Woodberry, KA, Gallo, KP, & Nock, MK. An experimental pilot study of response to invalidation in young women with features of borderline personality disorder.  Psychiatry Research 2008; 157: 169-180.

Woodberry, KA, Giuliano, AJ, & Seidman, LJ. Premorbid IQ in schizophrenia:  A meta-analytic review. The American Journal of Psychiatry 2008; 165: 579-587.

Woodberry, KA, Miller, AL, Glinski, J, Indik, J, & Mitchell, AG. Family therapy and dialectical behavior therapy with adolescents:  Part II:  A theoretical review.  American Journal of Psychotherapy 2002; 56: 585-602.

The Maine Medical Center Research Institute Team L to R: Zach Harris, Anna Cloutier, Katherine Elacqua, Tan Twhigg, Kate Powers, and Dr. Kristen Woodberry

Postdoctoral Position Open

We are seeking a Postdoctoral Research Fellow for the growing early psychosis clinic and research program at Maine Medical Center Research Institute in Portland, Maine. The position will include a rich combination of clinical work and research with adolescents and young adults in the first couple years of a psychotic disorder or at clinical high risk for psychosis. The SAMHSA-funded first episode program provides coordinated specialty care including CBT for psychosis, multifamily group psychoeducation, supported employment, and peer mentors.

Dr. Woodberry will accept applications until the right candidate is found, with a flexible start-date any time before September, 2020.


Anna Cloutier, RN
Anna Cloutier is a Clinical Research Nurse with the Clinical Trials Office at MMCRI and supports clinical trials in various areas such as Vascular Surgery, Interventional Radiology, Neurology (Epilepsy and MS), and Atopic Dermatitis in addition to Psychiatry. Anna received her BA from Western New England University and her BSN from the University of Southern Maine. She has over 20 years of experience in research working with sponsored trials as well as several NIH funded trials.

Anna is currently conducting clinical assessments for participants of the Daily Life Study gathering information on the relationships between affect, thought, and social context in the daily lives of adolescents and young adults.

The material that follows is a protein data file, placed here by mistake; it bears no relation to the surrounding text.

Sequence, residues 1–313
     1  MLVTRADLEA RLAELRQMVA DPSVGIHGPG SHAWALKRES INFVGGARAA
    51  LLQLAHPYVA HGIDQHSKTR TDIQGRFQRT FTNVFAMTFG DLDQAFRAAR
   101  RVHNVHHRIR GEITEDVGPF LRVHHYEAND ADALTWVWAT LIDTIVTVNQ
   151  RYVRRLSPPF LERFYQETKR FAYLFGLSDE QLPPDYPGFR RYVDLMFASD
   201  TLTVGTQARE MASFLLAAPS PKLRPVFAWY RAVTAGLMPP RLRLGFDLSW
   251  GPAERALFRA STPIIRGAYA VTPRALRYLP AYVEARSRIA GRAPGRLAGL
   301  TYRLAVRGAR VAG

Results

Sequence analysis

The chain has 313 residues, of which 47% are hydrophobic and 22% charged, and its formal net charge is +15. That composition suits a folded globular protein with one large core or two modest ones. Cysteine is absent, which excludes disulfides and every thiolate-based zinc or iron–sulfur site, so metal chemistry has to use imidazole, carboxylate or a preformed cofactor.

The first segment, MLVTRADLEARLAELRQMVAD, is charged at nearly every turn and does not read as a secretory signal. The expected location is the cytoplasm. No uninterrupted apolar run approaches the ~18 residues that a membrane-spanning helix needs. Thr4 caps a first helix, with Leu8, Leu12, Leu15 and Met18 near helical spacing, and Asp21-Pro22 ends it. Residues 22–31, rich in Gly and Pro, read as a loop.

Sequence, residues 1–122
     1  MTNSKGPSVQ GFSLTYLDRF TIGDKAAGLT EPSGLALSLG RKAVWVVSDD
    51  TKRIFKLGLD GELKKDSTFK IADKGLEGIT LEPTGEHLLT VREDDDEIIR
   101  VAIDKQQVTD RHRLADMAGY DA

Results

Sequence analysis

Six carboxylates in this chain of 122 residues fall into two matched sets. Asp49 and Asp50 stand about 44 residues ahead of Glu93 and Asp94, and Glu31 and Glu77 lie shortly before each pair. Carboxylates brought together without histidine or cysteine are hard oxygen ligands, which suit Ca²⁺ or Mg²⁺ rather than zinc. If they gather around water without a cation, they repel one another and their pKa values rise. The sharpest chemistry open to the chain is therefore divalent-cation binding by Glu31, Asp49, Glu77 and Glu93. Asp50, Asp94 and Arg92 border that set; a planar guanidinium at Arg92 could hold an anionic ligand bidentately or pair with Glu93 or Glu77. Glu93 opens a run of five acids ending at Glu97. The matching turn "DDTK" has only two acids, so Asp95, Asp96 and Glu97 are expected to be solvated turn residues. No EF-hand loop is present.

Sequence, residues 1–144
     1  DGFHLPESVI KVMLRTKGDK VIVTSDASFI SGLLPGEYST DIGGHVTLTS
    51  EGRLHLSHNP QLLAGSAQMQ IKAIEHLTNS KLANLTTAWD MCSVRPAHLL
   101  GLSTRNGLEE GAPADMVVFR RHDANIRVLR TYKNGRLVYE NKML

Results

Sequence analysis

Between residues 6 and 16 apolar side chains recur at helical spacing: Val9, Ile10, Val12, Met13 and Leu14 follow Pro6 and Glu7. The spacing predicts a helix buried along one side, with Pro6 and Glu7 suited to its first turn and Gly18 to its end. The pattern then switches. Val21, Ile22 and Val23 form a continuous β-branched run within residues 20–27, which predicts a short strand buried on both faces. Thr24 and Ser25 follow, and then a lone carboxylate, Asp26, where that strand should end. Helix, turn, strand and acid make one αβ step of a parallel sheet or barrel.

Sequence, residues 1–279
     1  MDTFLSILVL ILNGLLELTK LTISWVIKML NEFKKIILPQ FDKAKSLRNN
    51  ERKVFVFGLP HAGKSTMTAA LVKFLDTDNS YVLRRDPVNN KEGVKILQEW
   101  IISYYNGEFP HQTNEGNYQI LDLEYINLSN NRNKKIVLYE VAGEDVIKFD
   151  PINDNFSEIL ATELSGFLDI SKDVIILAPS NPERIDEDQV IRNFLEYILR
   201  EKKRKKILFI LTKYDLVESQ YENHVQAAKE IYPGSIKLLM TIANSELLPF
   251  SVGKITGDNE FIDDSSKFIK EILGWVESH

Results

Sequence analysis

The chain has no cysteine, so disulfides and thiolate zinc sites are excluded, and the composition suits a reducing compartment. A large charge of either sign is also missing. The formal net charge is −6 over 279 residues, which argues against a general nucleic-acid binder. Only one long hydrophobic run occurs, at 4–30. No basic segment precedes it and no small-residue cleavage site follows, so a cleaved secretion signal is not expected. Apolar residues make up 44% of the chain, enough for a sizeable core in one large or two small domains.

Katherine Elacqua, BA

Katherine completed her undergraduate degree in psychology and biology at College of the Holy Cross in the spring of 2019.  Her interest in research was initially piqued by her studies in biology, and she conducted molecular immunology research in various settings throughout her undergraduate career.  Outside of lab, Katherine sought out experiences in clinical psychology, working in both a counseling center and in a psychiatric residential center in the summer of 2018.

Katherine’s clinical experience coupled with her interests in research brought her to Dr. Woodberry’s team in June of 2019.  As a research assistant, she recruits participants for the Daily Life Study and regularly engages with them throughout their participation in the study by coordinating appointments, conducting neurocognitive assessments, and supporting their completion of daily surveys.  Katherine also co-facilitates a DBT group for teens and parents through the Child and Adolescent Psychiatry Clinic of Maine Medical Center.

Kate Powers, BS
Kate graduated from Bowdoin College where she studied psychology and sociology. In the summer of 2016, Kate worked for Dr. Kristen Woodberry at the Program for Psychosocial Protective Mechanisms in Boston, MA. There, she independently studied the level of psychosis-related knowledge among Residential Life staff members at college and universities across the country, in an effort to expand outreach and education initiatives. After graduation, Kate worked for Sexual Assault Support Services of Midcoast Maine where she served as the Community Education Advocate from 2017 to 2018.

Kate joined the team at the Center for Psychiatric Research in August of 2018. She is a research assistant for Dr. Woodberry’s research, interacting with participants, conducting clinical and neurocognitive assessments, and supporting participants in the completion of daily surveys. She co-facilitates a multifamily group for the PIER program in addition to pursuing her own research interests in the connection between perceived social status and mental health and increasing peer involvement in research.

Tan Twhigg, LCSW, MST, MSW
Tan is a former teacher with the NYC Department of Education who made the jump to behavioral health in order to better serve young people facing challenges beyond the classroom. Prior to Joining PIER, Tan provided trauma-informed treatment to children and adolescents in day-treatment and residential settings here in Portland.

Tan joined the PIER clinical team and Dr. Woodberry’s research team in March, 2019. Tan meets with young people participating in the Daily Life Study to assess study eligibility and clinical diagnoses.

The Multi-site Team

Welcome to our new research assistant Katherine Elacqua and many thanks to our student interns Audrey Reuman and Audree Grand-Pierre for all of their hard work this summer!